12/30-12/31  Frankie and I flew to Seattle from Spokane (where we'd spent a couple days with Frankie's Folks) to review the progress on the boat.  We spent a good part of 2 days with Fred and Dillon, reviewing what had been done and what was planned.  The boat is looking great; the old glass is mostly stripped off (except for an area down by the keel, which did not need to be stripped--if you peeled it off it took some wood with it!); the wood was pretty much sanded and nearly ready for the new FRP (fiberglass re-enforced plastic); the sugar scoup was partly done; all the doors and windows were removed and mostly preped; the areas of damaged wood were all prepped and some of them already redone; the inside is more than half sanded and in general things are moving along.  We took a bunch of photos, finishing a roll, and then another full roll.

1/13/04: From Fred.  "We started glassing some of the repaired areas today and fairing (filling) others. All the first wood layers are in and we resin coated the outer wood areas today. The outer layers are going in tomorrow and fill thoughs area seams. We will be glass tapping the hull seams tomorrow also.
         Things are going very well, and she is starting to look like a boat again as you will see from the photos."

1/21/04:   Phone conversation with Keith: the fiberglassing is progressing.  The engine (a Westerbeke 44B four) has been ordered; it should arrive in a week.  The boat should be ready to start building the engine mounts & etc by the time it arrives.

3/4/04: Received a letter from Fred:  "We put the last primer coat on the hulls and wings yesterday. we are sanding out the deck basis primer coat today so we can finish prime it tomorrow.
      We want to get all sanded out and top coated by wendsday.After the top coat goes on we can't touch the outside for 48 hours.
     Ollie brought the engine over yesterday, so while paint is drying that will give us something to do. Ollie also picked up the old shaft and the fuel tank temp. to get thoughts things rolling. Pretty cool stuff. I think your going to really like how things are coming along. It does look like a real boat."

3/12/04:  Frankie and I spent the last week down in Seattle, finalizing the work contracts.  The Acrux now has a new coat of paint (just the primer) on the outside, and the final coat of paint will be on the outside of the boat within a week.  The engine is in the boat, though it is just sitting there right now; it still needs to be mounted.  The interior of the boat is pretty well sanded and nearly ready for paint.  We signed a contract for some additional money to cover items that weren't covered in the original contract; it still leaves a number of things unfinished (eg self-steering), but we have pretty much spent all the available money so we'll have to wait to do the additional items after we accumulate more money.  We will still end up with a boat we can use.  The completion deadline is April 28th; PMC is fairly confident they will succeed in completing it by then.  We took some photos (roll1)  (roll2) of the boat; enjoy (warning: all these photos load into a single page, so it'll take awhile if you have a slow connection).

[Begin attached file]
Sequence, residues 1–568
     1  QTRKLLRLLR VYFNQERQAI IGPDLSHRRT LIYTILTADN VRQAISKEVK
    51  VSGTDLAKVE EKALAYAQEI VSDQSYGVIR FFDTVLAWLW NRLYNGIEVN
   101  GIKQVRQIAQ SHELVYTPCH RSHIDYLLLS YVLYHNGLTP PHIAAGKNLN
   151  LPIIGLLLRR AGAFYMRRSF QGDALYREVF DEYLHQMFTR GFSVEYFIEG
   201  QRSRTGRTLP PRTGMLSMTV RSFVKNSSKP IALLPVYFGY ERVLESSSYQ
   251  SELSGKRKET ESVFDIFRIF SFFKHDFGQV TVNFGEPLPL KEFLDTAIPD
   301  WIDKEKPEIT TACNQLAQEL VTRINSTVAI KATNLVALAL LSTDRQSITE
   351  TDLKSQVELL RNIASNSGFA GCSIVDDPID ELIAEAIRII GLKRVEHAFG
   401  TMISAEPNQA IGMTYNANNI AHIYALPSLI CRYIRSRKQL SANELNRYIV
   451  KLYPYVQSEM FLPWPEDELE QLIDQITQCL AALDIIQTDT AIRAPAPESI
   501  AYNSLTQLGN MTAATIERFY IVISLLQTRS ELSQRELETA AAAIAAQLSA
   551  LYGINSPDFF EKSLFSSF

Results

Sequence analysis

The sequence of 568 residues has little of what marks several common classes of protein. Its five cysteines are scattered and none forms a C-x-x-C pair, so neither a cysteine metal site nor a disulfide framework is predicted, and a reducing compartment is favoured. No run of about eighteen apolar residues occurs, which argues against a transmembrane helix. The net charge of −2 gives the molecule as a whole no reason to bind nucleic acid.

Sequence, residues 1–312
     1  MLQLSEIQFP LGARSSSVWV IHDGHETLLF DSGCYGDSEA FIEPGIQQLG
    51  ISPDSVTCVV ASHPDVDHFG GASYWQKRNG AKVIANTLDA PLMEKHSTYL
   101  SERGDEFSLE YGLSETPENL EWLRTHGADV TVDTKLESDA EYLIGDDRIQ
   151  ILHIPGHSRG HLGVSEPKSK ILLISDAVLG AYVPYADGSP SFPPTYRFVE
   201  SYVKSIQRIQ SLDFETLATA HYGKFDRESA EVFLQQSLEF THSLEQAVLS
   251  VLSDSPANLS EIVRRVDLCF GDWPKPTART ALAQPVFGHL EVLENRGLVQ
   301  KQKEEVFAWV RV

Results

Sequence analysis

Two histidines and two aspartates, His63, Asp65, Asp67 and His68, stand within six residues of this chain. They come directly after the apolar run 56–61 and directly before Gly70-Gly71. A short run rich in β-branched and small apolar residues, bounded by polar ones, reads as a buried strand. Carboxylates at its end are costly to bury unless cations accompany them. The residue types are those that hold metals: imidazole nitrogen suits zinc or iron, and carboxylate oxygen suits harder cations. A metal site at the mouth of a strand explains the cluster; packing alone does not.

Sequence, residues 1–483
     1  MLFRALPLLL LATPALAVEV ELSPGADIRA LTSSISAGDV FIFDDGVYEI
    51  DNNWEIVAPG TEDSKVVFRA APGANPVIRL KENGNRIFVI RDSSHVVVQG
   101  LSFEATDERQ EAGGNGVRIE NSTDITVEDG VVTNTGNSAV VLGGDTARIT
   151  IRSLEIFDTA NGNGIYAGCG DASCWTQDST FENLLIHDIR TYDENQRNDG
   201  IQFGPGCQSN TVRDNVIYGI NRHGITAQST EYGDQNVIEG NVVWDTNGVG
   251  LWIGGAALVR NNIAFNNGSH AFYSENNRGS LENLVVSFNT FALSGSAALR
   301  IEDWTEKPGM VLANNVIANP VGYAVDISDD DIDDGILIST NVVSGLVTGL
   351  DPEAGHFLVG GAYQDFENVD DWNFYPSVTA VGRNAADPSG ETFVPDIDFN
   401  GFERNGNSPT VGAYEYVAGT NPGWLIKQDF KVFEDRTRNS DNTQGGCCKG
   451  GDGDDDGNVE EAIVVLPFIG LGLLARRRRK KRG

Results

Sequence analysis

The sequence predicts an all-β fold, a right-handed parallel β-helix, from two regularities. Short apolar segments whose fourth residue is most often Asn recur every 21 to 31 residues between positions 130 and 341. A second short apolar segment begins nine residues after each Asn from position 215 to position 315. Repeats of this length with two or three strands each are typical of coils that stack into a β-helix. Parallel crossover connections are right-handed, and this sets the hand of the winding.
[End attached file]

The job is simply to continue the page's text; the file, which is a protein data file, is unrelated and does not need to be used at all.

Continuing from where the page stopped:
3/14/04:  Received a letter from Fred; the hull is painted!  We can't wait to see it...Now they move on to the hatches, windows, doors and then interior and engine.

4/3/04:  Received a letter from Fred; the cabins are mostly painted, the exterior hatches are painted, and bottom paint & waterline are on. Engine work is progressing.

4/9/04:  Vickie sent more photos (warning: all these photos load into a single page, so it'll take awhile if you have a slow connection).

4/11-4/18/04:  I flew into Spokane, arriving at 9 am on the 18th.  I stopped at Bob's to leave a little more junk and to take a nap.  He fed me a very nice lunch, and then I headed to Seattle.  In spite of the nap I didn't make it all the way over there before I got too tired to drive, so I stopped about 30 miles short and got a hotel room for the night.  The next morning I got up early, and by 10 I was in Port Orchard looking the boat over.  The boat is really coming along.  I spent the day there working, kept going until about 9 pm.  I spent the night on the boat, and was up early for another very long day (started about 7 am, and didn't stop until 9 pm).  That night I drove over to the Sea Tac area and spent the night and all of Wednesday over there.  I returned to the boat late Wednesday night, but there was fresh paint so I went to a hotel in Bremerton.  I was over to the boat early Thursday morning, and worked until 10 pm.  Had a comfortable night on the boat.  Vickie (PMC) had asked me to develope a problem list so when I got up at 6 am I started going over the boat and came up with a list, which I reviewed with her when she came later in the morning.  Worked until about 8 pm, but there was fresh paint again so I went to the Bremerton hotel again.  Friday was another early morning, but we knocked off at 6 because everyone was getting burnt out.  I headed to Seattle, returning on Saturday to try take a bunch of photos (roll a; roll b--warning: if you have a slow connection they may be a little slow to load) (and show Morgan (= friend) the boat.  The rebuild of the Acrux is very nearly done; it looks pretty promising for meeting the deadline of 4/28.

4/23/04:  Vickie (PMC) sent a couple of photos:  The binacle and the new hatches on the aft cabin.

p.s. I'm writing this mostly so interested friends and family can keep up with the progress on the boat.


by Ray R. Collins